Every brisket will vary, but it often depends on how you are trimming and cutting it.  There's a wide vein of fat that runs roughly diagonally through a whole packer.  That's the divider between the point and flat...is that where you separated?  If you cut straight through the packer from top to bottom, you actually may have ended up with part of flat still attached to the point.

 

Second... I had a 30* rise in IT in an hour and a half (160* to 190*) with no stall.  When it happened I had just panned it and foiled it and had added about 8 ounces of beer to the mix.  Is a quick rise with no stall the result of the bath and foil tent or did I get lucky there?

 

Tough one to answer because there's no real hard and fast rule.  Every brisket will behave differently.  The last packer I did was similar to yours...no stall and it got to 200* IT much faster than expected - even though I did not foil it.  But in the past, I've had briskets that stalled out for up to a couple of hours with no real increase in IT.  I'd say, however, that the foil and bath method you used probably contributed...foiling a brisket with some liquid will, as a general rule, speed up the cook time.

 

Third... This was only the second smoke with my WSM (second ever actually).  For the most part I was able to keep temps steady but it would slowly stray up or down and so I'd make slight vent adjustments here and there to keep it in the range I wanted.  I read everywhere that these things are "set it and forget it".  I'm I having to make adjustments because it isn't seasoned enough?  The first smoke I used lump charcoal and the second I used briquettes because I read that they are more consistent then lump.

 

After a few cooks on that WSM, those temps should even out and get more steady.  You're right on the mark...it takes a little seasoning in those cookers before they seal up properly.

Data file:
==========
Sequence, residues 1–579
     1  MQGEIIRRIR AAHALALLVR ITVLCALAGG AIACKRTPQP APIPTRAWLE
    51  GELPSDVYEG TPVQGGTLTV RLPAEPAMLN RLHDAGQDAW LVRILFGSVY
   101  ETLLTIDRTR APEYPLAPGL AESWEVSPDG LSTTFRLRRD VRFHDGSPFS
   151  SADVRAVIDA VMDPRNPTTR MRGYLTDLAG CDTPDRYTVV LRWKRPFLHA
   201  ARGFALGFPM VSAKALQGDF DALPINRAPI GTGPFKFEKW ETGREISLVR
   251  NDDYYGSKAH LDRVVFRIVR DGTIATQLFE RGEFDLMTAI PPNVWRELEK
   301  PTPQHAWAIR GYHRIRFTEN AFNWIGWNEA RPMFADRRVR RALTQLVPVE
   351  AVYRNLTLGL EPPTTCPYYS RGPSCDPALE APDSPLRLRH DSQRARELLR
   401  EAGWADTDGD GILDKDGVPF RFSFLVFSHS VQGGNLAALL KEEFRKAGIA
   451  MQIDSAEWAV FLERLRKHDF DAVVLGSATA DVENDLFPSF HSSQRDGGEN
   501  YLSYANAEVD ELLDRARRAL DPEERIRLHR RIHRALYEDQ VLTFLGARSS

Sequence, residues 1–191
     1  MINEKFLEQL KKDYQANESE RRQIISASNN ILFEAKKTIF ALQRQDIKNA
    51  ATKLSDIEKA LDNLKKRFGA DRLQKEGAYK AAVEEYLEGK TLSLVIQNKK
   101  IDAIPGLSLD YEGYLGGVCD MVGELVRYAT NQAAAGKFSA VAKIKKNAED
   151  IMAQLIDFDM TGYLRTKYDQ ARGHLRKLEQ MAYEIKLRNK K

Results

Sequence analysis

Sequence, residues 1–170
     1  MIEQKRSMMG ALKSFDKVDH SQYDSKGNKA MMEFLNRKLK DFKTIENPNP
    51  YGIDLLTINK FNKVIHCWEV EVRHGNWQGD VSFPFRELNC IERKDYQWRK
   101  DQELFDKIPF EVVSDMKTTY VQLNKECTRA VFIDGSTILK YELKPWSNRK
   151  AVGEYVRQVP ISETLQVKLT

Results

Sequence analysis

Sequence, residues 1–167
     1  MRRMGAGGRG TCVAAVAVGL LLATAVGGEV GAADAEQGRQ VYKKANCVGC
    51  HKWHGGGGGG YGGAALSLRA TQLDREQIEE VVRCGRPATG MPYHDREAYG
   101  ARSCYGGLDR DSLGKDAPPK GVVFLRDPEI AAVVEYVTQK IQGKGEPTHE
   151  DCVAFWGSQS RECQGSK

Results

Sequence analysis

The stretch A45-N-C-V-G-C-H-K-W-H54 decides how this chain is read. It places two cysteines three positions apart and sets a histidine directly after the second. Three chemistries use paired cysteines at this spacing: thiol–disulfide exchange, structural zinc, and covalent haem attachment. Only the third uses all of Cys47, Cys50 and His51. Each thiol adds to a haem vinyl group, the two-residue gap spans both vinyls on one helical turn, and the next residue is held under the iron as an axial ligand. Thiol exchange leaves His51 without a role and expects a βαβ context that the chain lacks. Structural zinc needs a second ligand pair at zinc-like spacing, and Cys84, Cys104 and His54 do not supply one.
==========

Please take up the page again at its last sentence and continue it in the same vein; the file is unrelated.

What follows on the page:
In general, I find that briq charcoal burns longer and a bit more consistently, but produces more ash...while lump tends to burn hotter, and shorter, with less ash...and IMO tastes better than briqs.

 

Last... I tried to make Burnt Ends and they were fantastic tasting but super moist.  I was expecting them to be tougher (harder) almost like a jerky nugget or something like that.  Basically I cubed a part of the point, coated with a KC Rub then tossed in Uncle Dougie's Sweet and Snappy BBQ sauce.  Then foiled and threw the whole mess on the smoker for about two hours.  They were super tasty but, like I said, just not what I had expected.  Any tips on improving the texture of these for next time?

 

You may be a bit confused about what burnt ends are.  All the burnt ends I've ever had are tender and moist.  I don't think I'd care for them much if they were tough.  If you want to improve the texture (and IMO the taste as well), leave the foil off.  They'll take on some more smoke, and they'll also firm up a little more as they cook.

 

Thanks for all your help!

 

 

Hope that helps...happy smoking!  Thumbs Up

 

Red


Edited by SeenRed - 5/24/16 at 7:49am
post #4 of 10
Thread Starter 
Quote:
Originally Posted by jirod View Post
 

Every brisket will be a little different, but in the few I've separated myself the point is usually only about 1/3 or a little more of the total packer.  I think it tends to be thicker than the flat, but seems to run about half (or a little more) of the total length of the packer.

 

So I wonder if, being that this is the first time I've ever even looked at a brisket, I got the two confused?  My brisket had one side with hardly any fat on it and the opposite had a thick layer of fat covering it.  The part that was directly connected to the fat is the point right?  If that's the case it was double the size of the flat.  lol I may have done this completely backwards :hit:

 

Here's a pic with rub before it hit the smoker... I outlined the part I thought was the flat. Fat side is on the bottom.